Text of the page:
Wednesday, April 20, 2011

Maura Lynch & Dudley and Fergus

Who is in the photo at right?

I’m Maura Lynch, a former entertainment and book publishing executive who is now writing a nonfiction book about a major health issue with an emphasis on patients’ perspectives and rights.

Dudley (male) is a 4-year-old Yorkshire Terrier.

Fergus (male) is a 3-year-old Silky Terrier.

What’s the occasion for Coffee with a Canine?

I pick up a coffee from my favorite street vendor on the corner of 67th and Broadway in New York City every morning when we three are on our way home from a morning walk in Central Park.

What’s brewing?

I have no idea what beans are used—this is a coffee cart on the street—but it’s the best cup of java I know! I like it with International Delights French Vanilla, no sugar.

Any goodies to go with the coffee?

No, the coffee is treat enough for this tea drinker!

Any treat for Dudley and Fergus on this occasion?

We usually stop in at my TD Bank branch where they have dog biscuits for customers’ dogs.

How were you and your dogs united?

Four years ago, on Easter Sunday 2007, I found Dudley online through I was incredibly naïve, and didn’t realize that he had been born in a puppy mill in Missouri. The next day, I went to Brooklyn to get him from “the middle man,” and fell madly in love. Alas, poor Dudley was very ill, and I had to take him to the vet immediately. He had broncho-pneumonia, which is what happens when kennel cough (bordatella) is left untreated. Poor pup spent the first 10 days in the vet hospital.

In early July 2008 I stopped at a pet store in the West Village to pick up a treat for Dudley. There were puppies in the window, and I knew that these dogs were all from puppy mills. Yet in the back of the store, crated 24/7, was this sad but sweet male pup. I started visiting this puppy twice a week for three weeks. The store owner told me the puppy was a “6-month-old Yorkie.” However, he was a 4-month-old Silky Terrier. By week 3, I had to “rescue” the puppy. I named him Fergus, and he’s been the best addition to my household.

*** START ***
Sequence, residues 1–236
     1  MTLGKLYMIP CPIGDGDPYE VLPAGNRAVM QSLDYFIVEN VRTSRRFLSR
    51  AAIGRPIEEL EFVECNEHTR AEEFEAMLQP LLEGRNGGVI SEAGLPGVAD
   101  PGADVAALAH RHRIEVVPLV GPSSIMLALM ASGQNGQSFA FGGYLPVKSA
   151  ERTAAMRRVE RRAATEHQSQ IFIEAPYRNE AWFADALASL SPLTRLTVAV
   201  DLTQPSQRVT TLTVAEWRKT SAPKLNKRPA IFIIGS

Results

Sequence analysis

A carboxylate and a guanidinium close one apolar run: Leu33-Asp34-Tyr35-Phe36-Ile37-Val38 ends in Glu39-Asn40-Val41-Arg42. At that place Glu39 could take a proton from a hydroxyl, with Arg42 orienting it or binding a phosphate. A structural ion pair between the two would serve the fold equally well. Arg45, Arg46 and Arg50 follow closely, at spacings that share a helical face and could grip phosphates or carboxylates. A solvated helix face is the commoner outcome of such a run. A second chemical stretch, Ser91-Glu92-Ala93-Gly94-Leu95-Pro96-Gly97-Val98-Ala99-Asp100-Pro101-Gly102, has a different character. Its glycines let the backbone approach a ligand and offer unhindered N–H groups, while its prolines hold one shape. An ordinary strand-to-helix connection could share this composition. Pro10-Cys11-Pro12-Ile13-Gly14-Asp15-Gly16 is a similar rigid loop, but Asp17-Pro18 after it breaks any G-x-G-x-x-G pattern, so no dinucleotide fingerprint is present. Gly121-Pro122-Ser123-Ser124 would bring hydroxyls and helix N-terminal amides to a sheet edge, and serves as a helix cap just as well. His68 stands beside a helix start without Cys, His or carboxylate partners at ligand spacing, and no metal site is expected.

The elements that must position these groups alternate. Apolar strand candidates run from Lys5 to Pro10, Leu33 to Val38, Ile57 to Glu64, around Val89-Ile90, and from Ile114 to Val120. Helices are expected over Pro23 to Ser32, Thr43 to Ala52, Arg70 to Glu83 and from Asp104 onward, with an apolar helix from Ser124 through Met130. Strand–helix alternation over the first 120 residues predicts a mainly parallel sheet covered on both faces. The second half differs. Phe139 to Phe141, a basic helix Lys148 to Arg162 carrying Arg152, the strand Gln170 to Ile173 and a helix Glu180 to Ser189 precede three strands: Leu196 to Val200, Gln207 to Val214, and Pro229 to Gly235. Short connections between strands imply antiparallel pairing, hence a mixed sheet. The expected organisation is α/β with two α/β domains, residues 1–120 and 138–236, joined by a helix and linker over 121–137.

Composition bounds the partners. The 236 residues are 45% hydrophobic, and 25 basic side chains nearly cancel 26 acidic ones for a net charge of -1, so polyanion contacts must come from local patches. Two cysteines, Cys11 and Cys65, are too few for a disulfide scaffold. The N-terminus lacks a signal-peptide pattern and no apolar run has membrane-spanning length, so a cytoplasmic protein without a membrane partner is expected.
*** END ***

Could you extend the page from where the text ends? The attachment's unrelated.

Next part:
How did your dogs get their names? Any aliases?

I loved the name Dudley, probably because of my fondness for the late Dudley Moore. After I named him, I found out that in Irish Dudley means “little black warrior of the two sides.” Dudley is just that. He’s fiercely protective of our home, but when we’re out and socializing, he acts demure and timid. His nickname is “The Bubba” (which then became “The Bubba-do”).

When I got Fergus, I knew I wanted to use another Celtic name, and I liked the meaning, i.e. “fierce man; first choice.” He may be my second dog, but he definitely was my first choice when I saw him! Fergus’s nickname is “Fergie,” and I also call him “Sweetie Pea.”

Cat, squirrel, postman…?

Since they’re both terriers, they’re very protective of our home, and rush to the door if they think “intruders” (meaning anyone who walks past) may enter the domicile. Fergus would love to chase all the squirrels in Central Park, but he’s not allowed to do that. Yet, they’re both very well-socialized, and get along great with other dogs and with people.

Tennis ball, squeaky-toy, stick…?

They are the squeaky-toy kings. When the weather is bad, we play a rousing game of “Fetch” with their vast empire of squeaky-toys. After all, terriers are ratters, and I need to keep them at the top of their game!

Where is your dogs’ favorite place for outings?

Central Park.

Who are your dogs’ best pet-pals?

Each other. They also love my mother’s two Yorkies, Georgie and Seamus, their “country cousins.”

If Dudley and Fergus could change one thing about you, what would it be?

They would like to mesmerize me so that I give treats on their command, which would mean every minute of the day.

What is each dog’s best quality?

Dudley taught me about the unconditional love and loyalty a dog will give you, and he taught me about courage by battling serious illness when I first got him. Fergus wakes up every day full of joy and enthusiasm. His happiness is contagious, and he reminds me that every day is a gift, and fun can be just around the corner.

What is each dog’s proudest moment? Most embarrassing?

I think they each experienced pride when they began to learn basic commands such as, “Sit. Stop. Stay.” They’re rarely embarrassed, except when they’ve fought with me or one another. Then they want to kiss and make up.

Visit Maura Lynch's blog.

--Marshal Zeringue